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Spirit Rover Update
Spirit Rover Update
17 Oct 2006
(Source: NASA/JPL-Caltech)

As Spirit enters a period known as solar conjuction, when the sun interferes with transmissions between Mars and Earth, mission planners sent a complete set of plans for science activities during solar conjunction to Spirit on the rover's 982nd sol, or Martian day, of exploring inside Gusev Crater (Oct. 7, 2006). During that time, the rover will achieve a new milestone: exploring Mars for 1,000 consecutive days.

Solar conjunction will begin on sol 991 (Oct. 16, 2006) and end on sol 1015 (Nov. 10, 2006). During this period, both NASA rovers, Spirit and Opportunity, will not receive any new command loads, but they will send daily downlinks to Earth, averaging 15 megabits of data per transmission. The data will be relayed to Earth via NASA's Mars Odyssey spacecraft in orbit above Mars.

Each day during conjunction, Spirit will spend 3 hours analyzing dust collected on the rover's filter magnet using the Moessbauer spectrometer and 24 minutes conducting a variety of early morning science observations. The morning science activities are designed to monitor the atmosphere and to search for any possible surface changes. The workload will make optimum use of solar power levels available with the retreat of Martian winter.

Spirit is healthy and continues to make progress on the winter science campaign of experiments. The rover's solar energy levels continue to rise slowly. Solar power is currently about 300 watt-hours. One hundred watt-hours is the amount of electricity needed to light one 100-watt bulb for one hour.

Sol-by-sol summary:

Sol 982 (Oct. 7, 2006): Spirit measured atmospheric dust opacity with the panoramic camera and surveyed the sky, ground, and dark soil in the rover's tracks using the miniature thermal emission spectrometer. Spirit took panoramic camera images of the rover's tracks and analyzed rock targets known as "Gueslaga" and "Tor" with the miniature thermal emission spectrometer. The rover measured the brightness of the morning sky in the west using the panoramic camera.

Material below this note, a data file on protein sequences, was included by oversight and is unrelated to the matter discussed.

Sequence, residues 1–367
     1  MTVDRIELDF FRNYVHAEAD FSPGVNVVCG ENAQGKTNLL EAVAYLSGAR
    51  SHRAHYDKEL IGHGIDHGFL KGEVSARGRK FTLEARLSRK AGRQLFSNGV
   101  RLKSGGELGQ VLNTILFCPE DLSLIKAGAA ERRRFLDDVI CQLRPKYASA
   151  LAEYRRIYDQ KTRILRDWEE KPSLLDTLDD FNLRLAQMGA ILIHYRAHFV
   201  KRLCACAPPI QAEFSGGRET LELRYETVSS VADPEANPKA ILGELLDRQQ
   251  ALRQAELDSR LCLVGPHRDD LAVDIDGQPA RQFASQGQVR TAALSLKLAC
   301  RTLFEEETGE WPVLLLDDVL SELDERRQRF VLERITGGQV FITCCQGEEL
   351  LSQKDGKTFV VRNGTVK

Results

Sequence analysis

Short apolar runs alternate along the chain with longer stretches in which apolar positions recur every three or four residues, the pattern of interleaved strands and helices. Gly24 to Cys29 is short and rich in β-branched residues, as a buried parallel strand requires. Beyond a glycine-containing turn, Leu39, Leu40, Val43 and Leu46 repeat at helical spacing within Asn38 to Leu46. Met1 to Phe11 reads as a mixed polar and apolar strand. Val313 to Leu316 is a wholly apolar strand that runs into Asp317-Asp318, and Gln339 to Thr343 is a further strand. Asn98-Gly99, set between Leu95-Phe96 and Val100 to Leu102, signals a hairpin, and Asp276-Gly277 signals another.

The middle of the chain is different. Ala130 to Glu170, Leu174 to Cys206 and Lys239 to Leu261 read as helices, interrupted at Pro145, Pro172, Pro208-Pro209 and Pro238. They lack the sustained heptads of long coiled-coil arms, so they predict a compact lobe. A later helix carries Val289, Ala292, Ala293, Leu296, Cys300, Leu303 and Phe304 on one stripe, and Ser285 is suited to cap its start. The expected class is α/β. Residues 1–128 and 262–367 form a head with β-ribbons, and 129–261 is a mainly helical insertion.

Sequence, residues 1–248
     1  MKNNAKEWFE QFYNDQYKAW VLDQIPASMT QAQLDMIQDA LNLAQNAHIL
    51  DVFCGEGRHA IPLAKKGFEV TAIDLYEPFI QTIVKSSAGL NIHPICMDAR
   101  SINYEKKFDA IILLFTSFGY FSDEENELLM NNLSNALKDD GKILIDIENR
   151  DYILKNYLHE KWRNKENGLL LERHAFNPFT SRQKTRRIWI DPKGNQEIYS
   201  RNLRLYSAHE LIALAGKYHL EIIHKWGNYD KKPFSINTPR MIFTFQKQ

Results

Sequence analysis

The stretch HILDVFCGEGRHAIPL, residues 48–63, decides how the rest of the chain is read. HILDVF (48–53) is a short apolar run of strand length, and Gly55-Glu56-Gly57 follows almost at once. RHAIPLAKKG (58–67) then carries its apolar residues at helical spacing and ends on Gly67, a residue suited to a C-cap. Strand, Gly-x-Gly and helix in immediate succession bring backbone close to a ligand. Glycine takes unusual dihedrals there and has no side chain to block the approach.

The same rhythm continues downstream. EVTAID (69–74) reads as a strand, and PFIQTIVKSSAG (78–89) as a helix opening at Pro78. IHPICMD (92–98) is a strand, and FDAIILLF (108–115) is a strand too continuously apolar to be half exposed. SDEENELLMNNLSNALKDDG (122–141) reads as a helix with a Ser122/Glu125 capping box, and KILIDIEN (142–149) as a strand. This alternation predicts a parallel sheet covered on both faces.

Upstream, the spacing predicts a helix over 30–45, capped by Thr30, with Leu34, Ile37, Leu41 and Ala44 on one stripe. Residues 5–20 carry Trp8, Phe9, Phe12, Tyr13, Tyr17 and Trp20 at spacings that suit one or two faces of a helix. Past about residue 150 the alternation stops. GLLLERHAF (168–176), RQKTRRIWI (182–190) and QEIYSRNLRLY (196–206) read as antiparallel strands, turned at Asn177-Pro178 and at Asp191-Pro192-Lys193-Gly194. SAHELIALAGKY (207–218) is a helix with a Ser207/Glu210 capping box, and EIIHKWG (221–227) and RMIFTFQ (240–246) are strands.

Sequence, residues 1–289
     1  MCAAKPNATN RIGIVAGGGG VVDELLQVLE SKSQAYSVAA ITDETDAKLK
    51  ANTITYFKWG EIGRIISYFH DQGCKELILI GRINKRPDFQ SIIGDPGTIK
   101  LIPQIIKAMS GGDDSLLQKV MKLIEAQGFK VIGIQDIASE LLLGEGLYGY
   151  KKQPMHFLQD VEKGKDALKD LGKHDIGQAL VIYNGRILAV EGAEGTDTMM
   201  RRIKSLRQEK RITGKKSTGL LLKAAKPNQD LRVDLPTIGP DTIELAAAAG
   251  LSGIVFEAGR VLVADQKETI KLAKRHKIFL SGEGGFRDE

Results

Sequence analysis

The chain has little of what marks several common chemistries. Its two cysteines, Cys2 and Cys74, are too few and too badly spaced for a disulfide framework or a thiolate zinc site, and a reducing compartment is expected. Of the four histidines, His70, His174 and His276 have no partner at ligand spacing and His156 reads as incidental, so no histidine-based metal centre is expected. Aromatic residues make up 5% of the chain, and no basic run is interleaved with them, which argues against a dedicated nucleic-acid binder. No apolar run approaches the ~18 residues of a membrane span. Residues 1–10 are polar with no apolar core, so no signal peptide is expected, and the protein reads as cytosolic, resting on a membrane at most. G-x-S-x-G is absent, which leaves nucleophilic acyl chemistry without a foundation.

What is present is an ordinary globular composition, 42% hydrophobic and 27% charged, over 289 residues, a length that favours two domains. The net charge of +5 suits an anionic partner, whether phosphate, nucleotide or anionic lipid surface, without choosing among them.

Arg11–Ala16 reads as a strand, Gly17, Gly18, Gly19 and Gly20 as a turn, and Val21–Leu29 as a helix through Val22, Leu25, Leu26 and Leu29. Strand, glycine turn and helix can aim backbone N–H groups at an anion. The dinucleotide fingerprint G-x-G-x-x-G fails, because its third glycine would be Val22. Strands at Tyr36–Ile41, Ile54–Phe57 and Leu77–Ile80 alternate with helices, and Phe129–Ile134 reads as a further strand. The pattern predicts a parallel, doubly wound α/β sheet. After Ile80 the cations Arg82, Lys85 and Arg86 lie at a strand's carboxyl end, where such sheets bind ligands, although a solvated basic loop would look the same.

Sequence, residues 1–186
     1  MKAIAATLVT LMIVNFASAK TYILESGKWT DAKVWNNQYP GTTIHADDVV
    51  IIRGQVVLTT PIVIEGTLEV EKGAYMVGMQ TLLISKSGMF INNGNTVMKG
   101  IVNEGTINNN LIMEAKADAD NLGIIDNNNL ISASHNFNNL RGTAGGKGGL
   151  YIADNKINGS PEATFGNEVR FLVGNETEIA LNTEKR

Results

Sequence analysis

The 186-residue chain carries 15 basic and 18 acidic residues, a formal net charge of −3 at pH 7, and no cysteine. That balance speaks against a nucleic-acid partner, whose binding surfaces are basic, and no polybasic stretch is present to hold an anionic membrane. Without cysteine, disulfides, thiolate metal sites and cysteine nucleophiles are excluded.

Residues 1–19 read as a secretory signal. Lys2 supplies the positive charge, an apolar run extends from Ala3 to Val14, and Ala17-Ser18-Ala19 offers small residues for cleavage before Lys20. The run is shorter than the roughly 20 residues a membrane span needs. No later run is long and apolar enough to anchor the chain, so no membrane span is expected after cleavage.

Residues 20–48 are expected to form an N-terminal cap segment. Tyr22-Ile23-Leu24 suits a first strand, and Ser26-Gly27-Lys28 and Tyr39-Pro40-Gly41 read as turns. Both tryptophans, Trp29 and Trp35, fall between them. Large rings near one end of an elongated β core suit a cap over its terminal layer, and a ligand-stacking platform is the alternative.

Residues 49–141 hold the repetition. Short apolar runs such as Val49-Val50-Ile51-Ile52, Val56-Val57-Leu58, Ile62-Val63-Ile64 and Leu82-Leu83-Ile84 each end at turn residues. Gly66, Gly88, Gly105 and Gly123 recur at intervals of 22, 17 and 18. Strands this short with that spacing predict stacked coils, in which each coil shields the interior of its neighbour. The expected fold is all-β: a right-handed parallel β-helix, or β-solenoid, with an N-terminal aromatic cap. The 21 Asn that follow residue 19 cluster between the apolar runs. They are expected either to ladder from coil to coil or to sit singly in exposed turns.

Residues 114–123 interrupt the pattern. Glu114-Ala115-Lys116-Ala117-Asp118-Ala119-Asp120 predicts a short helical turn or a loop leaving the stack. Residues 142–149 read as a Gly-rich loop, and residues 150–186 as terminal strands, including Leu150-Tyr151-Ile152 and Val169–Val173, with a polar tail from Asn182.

Sol 983: Spirit measured atmospheric dust opacity with the panoramic camera and surveyed the sky, ground, and dark soil in the rover's tracks using the miniature thermal emission spectrometer. Spirit took a look at the elemental chemistry of the atmosphere with the alpha particle X-ray spectrometer. The rover acquired super-resolution panoramic camera images of a target called "Mitcheltree Ridgecrest 11."

Sol 984: Spirit measured atmospheric dust opacity with the panoramic camera and surveyed the sky, ground, and soil in the rover's tracks using the miniature thermal emission spectrometer. Spirit analyzed a rock target dubbed "O'Higgins" with the miniature thermal emission spectrometer and referenced instrument measurements to the calibration target on the rover. The rover scanned the sky for clouds with the navigation camera, measured morning sky brightness with the panoramic camera, and monitored dust on the panoramic camera mast assembly.

Sol 985: Spirit measured atmospheric opacity using the panoramic camera, surveyed the sky and ground with the miniature thermal emission spectrometer, and restarted analysis of dust collected by the filter magnets using the Moessbauer spectrometer. Spirit scanned the sky for clouds using the navigation camera and acquired thumbnail images of the sky with the panoramic camera.

Sol 986: Spirit measured atmospheric opacity using the panoramic camera, checked for drift (changes with time) in the miniature thermal emission spectrometer, and surveyed the sky and ground with the miniature thermal emission spectrometer. Spirit scanned the sky for clouds using the navigation camera and acquired thumbnail images of the sky with the panoramic camera.

Sol 987 (Oct. 12, 2006): Spirit measured atmospheric dust opacity using the panoramic camera, checked for drift in the miniature thermal emission spectrometer, and surveyed the sky and ground with the miniature thermal emission spectrometer. The rover restarted Moessbauer analysis of dust on the filter magnets. Spirit surveyed the sky during high sun using the panoramic camera.

Odometry:

As of sol 986 (Oct. 11, 2006), Spirit's total odometry remained at 6,876.18 meters (4.27 miles).

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Last Updated: 17 Oct 2006